Luis Fernando Sanchez Mondragon Luis Fernando Sanchez Mondragon Monday, February 18, 2013 3:58:12 PM Esperemos que no copien esto en nuestro país, siempre damos nuestro mejor esfuerzo....¡¡.
Lev Borukhov Lev Borukhov Monday, February 18, 2013 4:39:46 PM safes scene can quickly become unsafe.
Lev Borukhov Lev Borukhov Monday, February 18, 2013 4:40:22 PM safe*
Jd Howell Jd Howell Monday, February 18, 2013 7:27:41 PM YOU CANT FIX STUPID!
Gabe De Baltz Gabe De Baltz Tuesday, February 19, 2013 9:20:40 PM Yeah that's smart... turn your ambulance into omi or a crime scene.
Donna Graham Hammond Donna Graham Hammond Tuesday, February 19, 2013 9:40:04 PM This happens more often than people realize. If scene appears unstable or family isnt dealing well with the grief, load and go, then call medical control. Safety of crew is #1.
Mackle Mart Mackle Mart Tuesday, February 19, 2013 11:20:05 PM Unfortunately if you speak to the public they will just say "well the person was upset". Seems like it is accepted by society that EMS crews are fair game. Somehow they will probably be blamed and have to pay for the damaged equipment.
Mel Oakley Mel Oakley Wednesday, February 20, 2013 2:44:32 AM I am not in any way at all condoning the behavior of the family member (assailant), but think back to your training. How much time was spent on your role as a social worker (ie breaking bad news to upset people)? And while you are reminiscing back to those good ole training days, tell me how much time you spent learning how to stay safe on the job. As a career path, we need to start investing more time and energy into our professionals. Sure, you can graduate from medic school able to run a code in your sleep, but did you learn how to read people, how to predict who would turn violent, and then were you armed with any (and I mean any at all) knowledge on how to handle these people through either verbal judo or even physical evasion? If you look into the goals of paramedic education, I believe you will find these topics are frightfully missing. My thoughts and prayers are with the provider who was injured in the attack, I hope that they have returned to work and can continue to serve as professionally & proficiently as I am sure they did before the attack. But lets take a long hard look at our professional development as a whole and see how WE can prevent further attacks on our own. An attack on any of us is an attack on all of us. No one is looking out for EMS, we must be our own advocates.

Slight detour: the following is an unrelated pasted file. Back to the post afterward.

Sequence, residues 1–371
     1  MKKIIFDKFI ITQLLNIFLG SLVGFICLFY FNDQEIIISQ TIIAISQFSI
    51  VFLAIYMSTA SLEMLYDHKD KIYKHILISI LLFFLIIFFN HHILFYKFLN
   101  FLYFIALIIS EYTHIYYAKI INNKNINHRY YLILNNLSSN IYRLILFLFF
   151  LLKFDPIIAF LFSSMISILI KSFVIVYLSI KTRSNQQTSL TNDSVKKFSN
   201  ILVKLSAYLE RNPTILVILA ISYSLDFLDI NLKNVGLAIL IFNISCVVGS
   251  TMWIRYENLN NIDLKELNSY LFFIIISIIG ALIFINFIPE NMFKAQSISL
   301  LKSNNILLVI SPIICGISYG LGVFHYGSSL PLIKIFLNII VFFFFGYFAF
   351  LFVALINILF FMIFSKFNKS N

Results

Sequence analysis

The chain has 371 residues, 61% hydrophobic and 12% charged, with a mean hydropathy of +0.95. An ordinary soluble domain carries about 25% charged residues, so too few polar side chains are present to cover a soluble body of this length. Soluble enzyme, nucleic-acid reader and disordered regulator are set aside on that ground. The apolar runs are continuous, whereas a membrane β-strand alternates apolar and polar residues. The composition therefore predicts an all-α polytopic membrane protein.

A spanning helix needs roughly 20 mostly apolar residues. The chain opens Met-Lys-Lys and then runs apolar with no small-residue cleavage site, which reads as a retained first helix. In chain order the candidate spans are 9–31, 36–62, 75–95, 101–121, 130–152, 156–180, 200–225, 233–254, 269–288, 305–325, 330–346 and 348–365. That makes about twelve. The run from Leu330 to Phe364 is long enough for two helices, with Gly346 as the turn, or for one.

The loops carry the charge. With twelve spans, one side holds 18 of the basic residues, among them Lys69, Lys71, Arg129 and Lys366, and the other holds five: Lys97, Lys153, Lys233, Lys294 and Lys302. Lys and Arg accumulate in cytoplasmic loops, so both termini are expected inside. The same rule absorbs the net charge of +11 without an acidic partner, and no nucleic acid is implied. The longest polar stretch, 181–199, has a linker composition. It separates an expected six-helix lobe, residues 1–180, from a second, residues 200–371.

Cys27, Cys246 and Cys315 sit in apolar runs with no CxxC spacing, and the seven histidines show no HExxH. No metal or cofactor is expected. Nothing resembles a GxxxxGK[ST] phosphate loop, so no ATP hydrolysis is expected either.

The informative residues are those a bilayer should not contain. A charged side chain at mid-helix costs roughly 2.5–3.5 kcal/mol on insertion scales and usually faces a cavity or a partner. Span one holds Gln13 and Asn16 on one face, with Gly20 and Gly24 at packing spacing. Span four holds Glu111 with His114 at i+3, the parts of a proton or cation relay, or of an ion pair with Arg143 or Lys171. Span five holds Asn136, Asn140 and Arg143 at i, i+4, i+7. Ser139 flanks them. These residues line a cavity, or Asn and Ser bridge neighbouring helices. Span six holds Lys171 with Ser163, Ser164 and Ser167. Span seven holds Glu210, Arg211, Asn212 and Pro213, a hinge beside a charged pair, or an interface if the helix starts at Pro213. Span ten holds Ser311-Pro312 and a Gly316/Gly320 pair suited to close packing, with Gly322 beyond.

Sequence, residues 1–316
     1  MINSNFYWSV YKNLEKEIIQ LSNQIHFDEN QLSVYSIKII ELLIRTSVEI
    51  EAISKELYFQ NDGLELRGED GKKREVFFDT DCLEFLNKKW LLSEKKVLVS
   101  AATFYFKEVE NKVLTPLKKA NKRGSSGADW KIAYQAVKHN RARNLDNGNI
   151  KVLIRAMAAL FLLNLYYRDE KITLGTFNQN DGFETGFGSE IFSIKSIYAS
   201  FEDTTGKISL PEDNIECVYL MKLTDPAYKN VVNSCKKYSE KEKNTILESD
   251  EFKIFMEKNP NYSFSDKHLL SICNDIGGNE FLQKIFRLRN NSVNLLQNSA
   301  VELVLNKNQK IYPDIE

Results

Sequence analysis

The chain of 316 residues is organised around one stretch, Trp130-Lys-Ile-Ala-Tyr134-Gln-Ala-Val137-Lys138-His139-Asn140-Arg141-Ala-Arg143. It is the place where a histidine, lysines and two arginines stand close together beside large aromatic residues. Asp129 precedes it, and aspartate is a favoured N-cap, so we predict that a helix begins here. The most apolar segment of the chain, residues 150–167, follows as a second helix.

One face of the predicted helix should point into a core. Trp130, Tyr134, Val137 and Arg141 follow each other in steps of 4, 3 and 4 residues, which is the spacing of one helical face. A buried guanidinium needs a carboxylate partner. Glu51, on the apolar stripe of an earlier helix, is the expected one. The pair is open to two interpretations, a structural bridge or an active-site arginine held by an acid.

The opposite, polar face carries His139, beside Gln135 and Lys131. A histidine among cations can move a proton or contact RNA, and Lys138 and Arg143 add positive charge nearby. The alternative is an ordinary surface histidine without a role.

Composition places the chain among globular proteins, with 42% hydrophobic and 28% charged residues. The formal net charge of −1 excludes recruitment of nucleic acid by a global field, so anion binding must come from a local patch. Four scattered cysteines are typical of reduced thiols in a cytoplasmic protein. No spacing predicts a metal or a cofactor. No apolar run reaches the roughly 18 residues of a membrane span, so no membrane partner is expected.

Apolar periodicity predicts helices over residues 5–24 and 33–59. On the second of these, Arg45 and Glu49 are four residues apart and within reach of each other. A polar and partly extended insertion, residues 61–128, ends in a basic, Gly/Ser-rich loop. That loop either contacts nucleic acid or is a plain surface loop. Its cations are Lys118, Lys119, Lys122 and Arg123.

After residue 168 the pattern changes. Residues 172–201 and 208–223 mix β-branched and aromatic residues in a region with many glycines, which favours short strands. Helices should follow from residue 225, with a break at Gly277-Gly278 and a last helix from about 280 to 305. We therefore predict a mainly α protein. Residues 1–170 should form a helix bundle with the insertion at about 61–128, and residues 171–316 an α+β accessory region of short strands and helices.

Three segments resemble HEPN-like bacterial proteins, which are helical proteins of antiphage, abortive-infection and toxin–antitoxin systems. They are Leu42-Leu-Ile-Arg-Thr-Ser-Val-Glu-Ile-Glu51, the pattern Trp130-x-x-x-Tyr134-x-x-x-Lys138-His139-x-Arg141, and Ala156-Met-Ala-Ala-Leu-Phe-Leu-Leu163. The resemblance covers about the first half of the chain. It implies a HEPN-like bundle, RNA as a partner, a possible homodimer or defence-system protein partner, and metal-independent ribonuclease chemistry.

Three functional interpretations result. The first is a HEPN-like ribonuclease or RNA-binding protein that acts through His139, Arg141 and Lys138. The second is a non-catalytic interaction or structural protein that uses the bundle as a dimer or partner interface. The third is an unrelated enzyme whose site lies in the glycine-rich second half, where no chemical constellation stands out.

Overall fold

Beth Blake Beth Blake Wednesday, February 20, 2013 6:08:44 PM what do people see on TV...CPR for 30 seconds and then they "wake up" that's what people believe! I have been a medic for 15 years and can tell you this no matter how well you can "read" people you are not always right.. the one thing I have learned over the years is this..unless you were on the call you don't know all the details. everyone can hear of a call and say I would have done xyz...everyone is a perfect medic when hearing what someone else did.. yes more education about death in the field is a good thing... but maybe just maybe this medic did everything "right" and this person went crazy....our job is dangerous. we do the best we can but sometimes bad things happen.. how about we pray for the medic rather than over analyzing what could have, should have been done!
Velvet Scheidler Velvet Scheidler Thursday, February 21, 2013 7:39:46 AM I was actually in a similar situation when I had to tell a mother that her 27 yrs old son was dead and there was nothing I could do to help him. I completely understood her anger and lashing out. I don't know that I would of taken such horrible news any better, but I did have to call law enforcement for help.
Jake Stein Jake Stein Thursday, February 21, 2013 9:49:17 PM Who are you referring to? The Paramedic or the family member?
Jake Stein Jake Stein Thursday, February 21, 2013 9:53:14 PM Police Officers and Prison Guards are well trained to avoid being attacked. When they are, they usually end up dead. I doubt if you know how serious it is to be attacked by an inmate locked up in a prison with not future. EMS is just inadequately trained to handle interpersonal communication for situations such as this. They are also inadequately trained to recognize potentially violent situations. 110 hours of EMT training barely covers enough first aid to be of much use. Paramedic training does not cover all that much more either especially for the stressful situations which might be encountered.
Maurice Brown Maurice Brown Friday, February 22, 2013 8:51:38 AM people want everything their way... when are they going to realize that we are not GOD!